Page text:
Cablegate: Burma Ngos Lay Out Conservation Priorities

This record is a partial extract of the original cable. The full text of the original cable is not available.





E.O. 12958: N/A



1. (SBU) Summary: A team of locally based environmental NGOs,
backed by local experts, has produced a comprehensive
analysis of Burma's most pressing priorities for biodiversity
conservation. The report is the first of its kind that we've
seen and is realistic in its objectives and its assessment of
the key barriers to success: weak civil society, limited
resources, and poor government policies. We think the USG
can help address some of the report's central challenges
without violating restrictions on passing assistance to the
GOB. End summary.

First, Identify the Problem

2. (U) A Rangoon-based contractor for UK NGO BirdLife
International led a small team of Rangoon-based INGOs in
drafting a comprehensive assessment of Burma's conservation
priorities (pouched to EAP/BCLTV). The report, entitled
"Investment Opportunities in Biodiversity Conservation by
Civil Society in Myanmar," was drafted at the behest of a
group of local environmental NGOs and academics following an
August 2003 roundtable discussion of the critical situation
for Burma's biodiversity. The Chief of Mission (COM) and
econoff attended a July 9 briefing on the results of the

3. (U) The group, and subsequent draft report, identified in
Burma 72 priority sites, ten priority corridors, and at least
145 globally threatened species in Burma. The major threats
to these areas and species were: (1) overexploitation of
certain animal species for food and the international
wildlife trade (mostly to China), (2) habitat loss (from
logging and infrastructure projects), (3) conversion to farm
land (especially oil palms); and, to a lesser degree, (4)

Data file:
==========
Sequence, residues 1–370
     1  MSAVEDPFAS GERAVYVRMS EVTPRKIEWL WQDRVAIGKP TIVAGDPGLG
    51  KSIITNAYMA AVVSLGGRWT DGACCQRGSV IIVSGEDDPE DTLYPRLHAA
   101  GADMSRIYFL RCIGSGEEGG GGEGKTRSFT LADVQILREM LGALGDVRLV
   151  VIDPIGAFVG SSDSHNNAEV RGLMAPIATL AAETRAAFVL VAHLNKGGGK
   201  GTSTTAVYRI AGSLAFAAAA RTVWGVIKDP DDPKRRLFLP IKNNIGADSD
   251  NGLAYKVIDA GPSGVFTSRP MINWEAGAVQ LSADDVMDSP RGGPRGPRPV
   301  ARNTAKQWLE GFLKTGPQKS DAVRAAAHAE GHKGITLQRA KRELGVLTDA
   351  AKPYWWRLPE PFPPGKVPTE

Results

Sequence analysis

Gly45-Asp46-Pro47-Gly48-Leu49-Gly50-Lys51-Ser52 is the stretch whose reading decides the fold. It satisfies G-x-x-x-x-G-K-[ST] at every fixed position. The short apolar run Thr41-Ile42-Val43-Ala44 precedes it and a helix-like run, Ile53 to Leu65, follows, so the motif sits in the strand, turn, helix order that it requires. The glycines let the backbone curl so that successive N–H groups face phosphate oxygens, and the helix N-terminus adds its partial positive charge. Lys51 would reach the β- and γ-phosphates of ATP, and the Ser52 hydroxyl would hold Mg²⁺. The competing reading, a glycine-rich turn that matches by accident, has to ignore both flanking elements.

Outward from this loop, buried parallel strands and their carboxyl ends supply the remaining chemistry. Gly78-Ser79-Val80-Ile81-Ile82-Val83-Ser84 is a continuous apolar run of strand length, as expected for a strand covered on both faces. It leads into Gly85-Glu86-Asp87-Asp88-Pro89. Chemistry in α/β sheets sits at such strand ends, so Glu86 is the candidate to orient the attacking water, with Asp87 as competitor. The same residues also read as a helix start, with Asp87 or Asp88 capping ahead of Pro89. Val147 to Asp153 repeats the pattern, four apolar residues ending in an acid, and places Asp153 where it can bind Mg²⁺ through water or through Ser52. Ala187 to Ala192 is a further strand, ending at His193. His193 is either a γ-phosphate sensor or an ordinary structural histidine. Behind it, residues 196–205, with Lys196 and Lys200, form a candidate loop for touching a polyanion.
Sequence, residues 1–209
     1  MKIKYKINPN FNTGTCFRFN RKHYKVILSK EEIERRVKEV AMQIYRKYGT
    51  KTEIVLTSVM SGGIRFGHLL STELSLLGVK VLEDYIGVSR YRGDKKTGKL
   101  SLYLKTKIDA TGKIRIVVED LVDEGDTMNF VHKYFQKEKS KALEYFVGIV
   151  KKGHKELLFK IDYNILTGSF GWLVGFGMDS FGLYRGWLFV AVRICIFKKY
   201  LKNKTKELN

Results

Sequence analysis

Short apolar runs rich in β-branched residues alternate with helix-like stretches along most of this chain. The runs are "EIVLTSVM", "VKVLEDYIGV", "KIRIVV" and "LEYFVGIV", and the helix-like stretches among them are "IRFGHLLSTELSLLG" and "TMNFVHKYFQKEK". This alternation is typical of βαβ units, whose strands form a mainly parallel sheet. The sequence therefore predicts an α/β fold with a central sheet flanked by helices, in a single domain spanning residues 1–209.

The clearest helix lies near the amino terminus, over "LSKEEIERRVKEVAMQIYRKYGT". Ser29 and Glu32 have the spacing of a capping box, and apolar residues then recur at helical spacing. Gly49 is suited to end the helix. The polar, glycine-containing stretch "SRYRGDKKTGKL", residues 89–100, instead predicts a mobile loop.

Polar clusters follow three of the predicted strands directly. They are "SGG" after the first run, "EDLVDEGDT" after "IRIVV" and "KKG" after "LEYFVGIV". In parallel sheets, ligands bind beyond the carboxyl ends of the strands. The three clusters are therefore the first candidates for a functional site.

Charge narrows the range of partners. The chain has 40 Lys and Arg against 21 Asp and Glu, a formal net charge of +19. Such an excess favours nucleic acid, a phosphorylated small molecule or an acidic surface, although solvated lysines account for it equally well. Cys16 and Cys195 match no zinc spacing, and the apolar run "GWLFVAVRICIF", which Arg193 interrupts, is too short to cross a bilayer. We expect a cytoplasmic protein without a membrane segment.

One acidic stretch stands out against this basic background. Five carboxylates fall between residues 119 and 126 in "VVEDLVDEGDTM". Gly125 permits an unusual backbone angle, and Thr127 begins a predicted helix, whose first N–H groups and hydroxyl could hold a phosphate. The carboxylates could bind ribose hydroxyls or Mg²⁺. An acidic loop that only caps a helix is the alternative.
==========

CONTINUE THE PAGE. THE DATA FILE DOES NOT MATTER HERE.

invasive species and (5) pollution. The report's authors
were cautious not to put too much blame on the GOB for these
situations, though they did clearly mention the negative
impact of poor administration of environmental policies,
anemic GOB spending on conservation, and environmentally
unfriendly development and land-use policies.

Next, Be Realistic

4. (U) The NGOs and experts responsible for the report agreed
that considering the poor state of civil society and a dearth
of funding it was unrealistic to expect positive
"conservation outcomes" for each of these priority areas.
Thus, the report's authors established a more manageable list
of areas where conservation partners could focus their

5. (U) In the final analysis, the experts chose seven
priority corridors. Within these corridors the authors
identified 37 priority sites and four additional sites
outside the corridors (because they contained globally
endangered species or globally threatened species endemic to
Burma). Finally, the experts narrowed the list of species to
38 -- including 11 globally endangered species and nine
globally threatened species endemic to Burma.

Better Coordination and Education Needed

6. (U) The report also stressed the need for a better
conservation infrastructure in Burma. These "thematic" or
strategic priorities included making biodiversity and
conservation a part of broader GOB policy decisions, building
civil society's capacity to participate in conservation, and